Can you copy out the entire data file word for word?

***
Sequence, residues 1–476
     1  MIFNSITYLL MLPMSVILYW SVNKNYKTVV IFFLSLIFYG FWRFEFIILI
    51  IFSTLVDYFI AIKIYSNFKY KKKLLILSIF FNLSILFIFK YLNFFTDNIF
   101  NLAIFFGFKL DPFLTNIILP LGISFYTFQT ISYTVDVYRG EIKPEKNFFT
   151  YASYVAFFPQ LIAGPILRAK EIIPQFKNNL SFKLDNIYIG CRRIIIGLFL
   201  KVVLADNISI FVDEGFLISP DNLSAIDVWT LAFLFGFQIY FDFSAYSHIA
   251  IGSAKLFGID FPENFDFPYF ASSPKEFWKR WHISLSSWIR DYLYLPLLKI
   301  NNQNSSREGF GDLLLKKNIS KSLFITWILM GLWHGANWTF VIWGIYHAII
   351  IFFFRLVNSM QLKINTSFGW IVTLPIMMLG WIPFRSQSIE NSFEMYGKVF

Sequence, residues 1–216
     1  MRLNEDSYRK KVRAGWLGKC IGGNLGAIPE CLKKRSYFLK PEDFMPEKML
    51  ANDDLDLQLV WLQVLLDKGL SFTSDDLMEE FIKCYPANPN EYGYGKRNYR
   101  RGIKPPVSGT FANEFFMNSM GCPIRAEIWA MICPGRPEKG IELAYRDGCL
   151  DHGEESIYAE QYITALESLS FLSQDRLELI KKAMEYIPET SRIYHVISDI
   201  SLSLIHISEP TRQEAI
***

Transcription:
Sequence, residues 1–476
     1  MIFNSITYLL MLPMSVILYW SVNKNYKTVV IFFLSLIFYG FWRFEFIILI
    51  IFSTLVDYFI AIKIYSNFKY KKKLLILSIF FNLSILFIFK YLNFFTDNIF
   101  NLAIFFGFKL DPFLTNIILP LGISFYTFQT ISYTVDVYRG EIKPEKNFFT
   151  YASYVAFFPQ LIAGPILRAK EIIPQFKNNL SFKLDNIYIG CRRIIIGLFL
   201  KVVLADNISI FVDEGFLISP DNLSAIDVWT LAFLFGFQIY FDFSAYSHIA
   251  IGSAKLFGID FPENFDFPYF ASSPKEFWKR WHISLSSWIR DYLYLPLLKI
   301  NNQNSSREGF GDLLLKKNIS KSLFITWILM GLWHGANWTF VIWGIYHAII
   351  IFFFRLVNSM QLKINTSFGW IVTLPIMMLG WIPFRSQSIE NSFEMYGKVF

Sequence, residues 1–216
     1  MRLNEDSYRK KVRAGWLGKC IGGNLGAIPE CLKKRSYFLK PEDFMPEKML
    51  ANDDLDLQLV WLQVLLDKGL SFTSDDLMEE FIKCYPANPN EYGYGKRNYR
   101  RGIKPPVSGT FANEFFMNSM GCPIRAEIWA MICPGRPEKG IELAYRDGCL
   151  DHGEESIYAE QYITALESLS FLSQDRLELI KKAMEYIPET SRIYHVISDI
   201  SLSLIHISEP TRQEAI